An uproar over a last-minute rewrite of a plan to protect Lower Manhattan from storm surge and sea level rise shows the importance of fully informed, effective community consultation in building climate resilience.
“They switched the plan after four years of consulting the community and actually co-designing a real resilience plan,” a resident local to the contentious New York City site told Grist. Quietly changing the plan at the last minute “fomented incredible mistrust,” said Harriet Hirshorn, who lives in the Lower East Side of Manhattan, where part of the 57.5-acre East River Park was supposed to become a buffer from rising waters.
Back in 2018, after four years of community consultation, the city had come up with a plan to build an “undulating berm”—an elevated piece of land covered in plants and trees—through the 90-year-old park. The addition would likely have seen the park periodically underwater, as a de facto flood plain, but it would otherwise have remained untouched, reports Grist.
By March 2018, however, the city had scrapped the plan, citing a new engineering review that it declared it impractical and too expensive. One concern was that “the berm was to be built on high-voltage power lines owned by Consolidated Edison, the largest investor-owned utility in the United States, which would require the company to build a tunnel around its lines.”
Tossing out the berm plan, the city then declared a new one, with zero community input: turn the old park into a seawall, using eight feet of landfill and a lot of concrete, and build a new park on top.
Work began on the seawall in December, following almost three years of fierce opposition from East River Park Action, a small but determined group of East River Park devotees. In addition to pointing out that the initial plan was cheaper, and preserved a beloved heritage green space, the group “questioned the city’s decision not to turn the park into a flood plain when the threat of flash downpours is on the rise”—witness the flooding on the tail end of Hurricane Ida that inundated the borough of Queens last fall.
Karen Imas, vice president of programs at the New York-based Waterfront Alliance, called the city’s reversal on the East River berm “a case study in how not to do things”. She told Grist that “when you need to revisit a project or revisit designs, you really need to make sure the community is a partner, and that they really understand why certain decisions are being made.”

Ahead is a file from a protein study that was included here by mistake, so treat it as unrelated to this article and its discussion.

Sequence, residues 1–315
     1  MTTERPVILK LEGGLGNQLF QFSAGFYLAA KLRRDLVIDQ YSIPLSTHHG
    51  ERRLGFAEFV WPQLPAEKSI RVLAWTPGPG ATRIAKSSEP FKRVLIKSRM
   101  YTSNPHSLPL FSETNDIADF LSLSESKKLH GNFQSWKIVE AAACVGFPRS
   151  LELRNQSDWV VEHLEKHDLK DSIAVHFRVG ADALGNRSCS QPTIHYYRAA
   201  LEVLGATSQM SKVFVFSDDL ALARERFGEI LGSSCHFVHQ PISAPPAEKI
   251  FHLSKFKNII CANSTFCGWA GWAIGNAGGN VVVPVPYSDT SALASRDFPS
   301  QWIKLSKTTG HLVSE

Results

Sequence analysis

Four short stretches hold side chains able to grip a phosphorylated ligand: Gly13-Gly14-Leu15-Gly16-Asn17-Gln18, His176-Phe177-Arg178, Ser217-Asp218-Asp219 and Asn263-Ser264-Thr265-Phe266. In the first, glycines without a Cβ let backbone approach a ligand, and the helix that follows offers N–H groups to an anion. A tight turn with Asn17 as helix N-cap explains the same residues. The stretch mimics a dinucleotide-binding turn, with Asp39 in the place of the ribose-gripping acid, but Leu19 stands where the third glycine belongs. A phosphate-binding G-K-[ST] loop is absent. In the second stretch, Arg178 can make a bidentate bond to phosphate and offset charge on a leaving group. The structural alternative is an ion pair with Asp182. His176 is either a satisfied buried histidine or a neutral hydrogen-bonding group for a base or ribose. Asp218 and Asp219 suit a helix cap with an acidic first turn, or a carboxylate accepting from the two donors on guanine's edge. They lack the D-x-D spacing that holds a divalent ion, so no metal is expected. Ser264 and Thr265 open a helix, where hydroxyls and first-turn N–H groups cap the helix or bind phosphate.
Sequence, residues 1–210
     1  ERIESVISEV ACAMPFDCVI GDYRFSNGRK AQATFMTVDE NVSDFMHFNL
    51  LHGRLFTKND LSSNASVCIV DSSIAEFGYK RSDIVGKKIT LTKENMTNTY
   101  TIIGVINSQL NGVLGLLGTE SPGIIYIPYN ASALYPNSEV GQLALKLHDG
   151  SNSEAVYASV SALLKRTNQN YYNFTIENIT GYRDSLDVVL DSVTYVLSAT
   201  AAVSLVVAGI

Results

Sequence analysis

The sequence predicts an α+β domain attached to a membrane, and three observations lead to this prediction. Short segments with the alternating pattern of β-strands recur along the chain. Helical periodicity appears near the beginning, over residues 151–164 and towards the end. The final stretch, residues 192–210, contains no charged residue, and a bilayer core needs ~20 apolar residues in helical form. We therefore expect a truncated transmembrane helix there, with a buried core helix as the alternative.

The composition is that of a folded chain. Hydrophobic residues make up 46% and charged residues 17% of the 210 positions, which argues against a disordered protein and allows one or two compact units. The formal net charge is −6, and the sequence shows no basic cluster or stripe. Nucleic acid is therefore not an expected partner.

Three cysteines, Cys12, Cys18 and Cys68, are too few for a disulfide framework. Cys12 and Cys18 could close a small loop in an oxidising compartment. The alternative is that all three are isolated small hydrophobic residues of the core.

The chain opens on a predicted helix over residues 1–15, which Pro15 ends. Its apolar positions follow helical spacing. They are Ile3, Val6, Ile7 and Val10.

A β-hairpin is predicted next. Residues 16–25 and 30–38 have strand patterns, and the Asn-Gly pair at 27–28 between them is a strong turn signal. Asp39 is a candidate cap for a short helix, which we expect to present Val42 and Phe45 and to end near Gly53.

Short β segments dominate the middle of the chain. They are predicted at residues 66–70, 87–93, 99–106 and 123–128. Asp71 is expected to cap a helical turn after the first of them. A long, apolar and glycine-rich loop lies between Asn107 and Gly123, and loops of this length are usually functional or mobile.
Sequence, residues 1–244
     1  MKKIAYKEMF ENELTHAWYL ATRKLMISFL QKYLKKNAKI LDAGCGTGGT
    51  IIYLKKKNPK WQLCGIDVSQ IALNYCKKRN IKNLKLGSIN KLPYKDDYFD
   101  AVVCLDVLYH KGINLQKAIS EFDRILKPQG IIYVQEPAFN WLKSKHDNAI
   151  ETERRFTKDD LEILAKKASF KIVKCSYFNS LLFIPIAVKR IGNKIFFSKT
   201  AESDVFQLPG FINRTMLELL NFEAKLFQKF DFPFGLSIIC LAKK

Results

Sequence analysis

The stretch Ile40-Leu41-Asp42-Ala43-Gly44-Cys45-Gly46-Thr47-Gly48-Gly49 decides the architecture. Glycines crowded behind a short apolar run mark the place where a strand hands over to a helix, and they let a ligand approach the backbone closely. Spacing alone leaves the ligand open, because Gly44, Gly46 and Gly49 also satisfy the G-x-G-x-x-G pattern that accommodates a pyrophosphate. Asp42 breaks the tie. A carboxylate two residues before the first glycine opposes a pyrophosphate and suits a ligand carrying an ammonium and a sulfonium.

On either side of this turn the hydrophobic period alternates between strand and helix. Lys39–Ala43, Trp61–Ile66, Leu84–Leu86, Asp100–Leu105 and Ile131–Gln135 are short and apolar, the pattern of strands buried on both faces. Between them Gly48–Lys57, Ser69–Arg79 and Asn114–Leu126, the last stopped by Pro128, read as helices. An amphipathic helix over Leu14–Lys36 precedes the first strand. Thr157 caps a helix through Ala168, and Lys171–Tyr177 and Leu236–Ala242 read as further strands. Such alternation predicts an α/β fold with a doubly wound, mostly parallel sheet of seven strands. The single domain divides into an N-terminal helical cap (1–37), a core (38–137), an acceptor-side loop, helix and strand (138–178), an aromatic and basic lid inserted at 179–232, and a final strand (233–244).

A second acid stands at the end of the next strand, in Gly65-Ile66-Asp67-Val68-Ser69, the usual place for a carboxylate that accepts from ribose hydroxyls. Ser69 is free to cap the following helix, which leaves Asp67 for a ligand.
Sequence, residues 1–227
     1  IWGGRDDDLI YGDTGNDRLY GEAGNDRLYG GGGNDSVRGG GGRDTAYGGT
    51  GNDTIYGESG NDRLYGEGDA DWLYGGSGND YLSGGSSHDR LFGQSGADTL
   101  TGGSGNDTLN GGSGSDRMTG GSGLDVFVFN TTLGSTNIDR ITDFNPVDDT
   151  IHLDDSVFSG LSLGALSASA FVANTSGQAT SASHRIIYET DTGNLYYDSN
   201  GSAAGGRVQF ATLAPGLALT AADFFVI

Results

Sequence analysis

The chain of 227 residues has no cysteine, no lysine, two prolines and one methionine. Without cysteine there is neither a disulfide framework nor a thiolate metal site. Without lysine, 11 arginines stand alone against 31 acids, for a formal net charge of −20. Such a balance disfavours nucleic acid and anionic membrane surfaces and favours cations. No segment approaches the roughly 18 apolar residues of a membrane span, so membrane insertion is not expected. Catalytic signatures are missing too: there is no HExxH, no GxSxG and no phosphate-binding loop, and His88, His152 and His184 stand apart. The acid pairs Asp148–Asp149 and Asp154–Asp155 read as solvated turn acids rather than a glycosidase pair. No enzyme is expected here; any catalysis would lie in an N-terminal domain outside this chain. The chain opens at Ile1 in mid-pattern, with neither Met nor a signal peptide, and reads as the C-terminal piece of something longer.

At the same time, “it’s not always easy to tell the difference between communities asking in good faith for more input on climate resilience projects and those attempting to derail initiatives that would benefit the common good”—as wealthy coastal property owners in New York state did, Grist says, when they opposed new federal flood maps that accurately depicted their insurance risk. And there may be traces of this problem in the East River Park dispute.
“Much of the vitriol against the city’s revised plan came from a particularly vocal group of middle- and upper-class white residents who had a sentimental attachment to the park,” writes Grist. Public housing leaders from the neighbourhood, on the other hand, “initially opposed the new park plan but quickly reversed course and threw their support behind the project.” (Grist doesn’t say why they changed their minds.)
Elsewhere, the city succeeded with a plan to build a flood barrier from the Manhattan side of the Brooklyn Bridge south and round the Financial District and Seaport neighborhoods. Imas said that project benefited from a two-year process, with informed participation from the community.
“There was a lot of feedback and a lot of changes to the design that were born out of community feedback,” she said. “It wasn’t just marginally tweaking at the edges but real, substantive change based on what they heard from the community,” and not just from those with financial and social capital.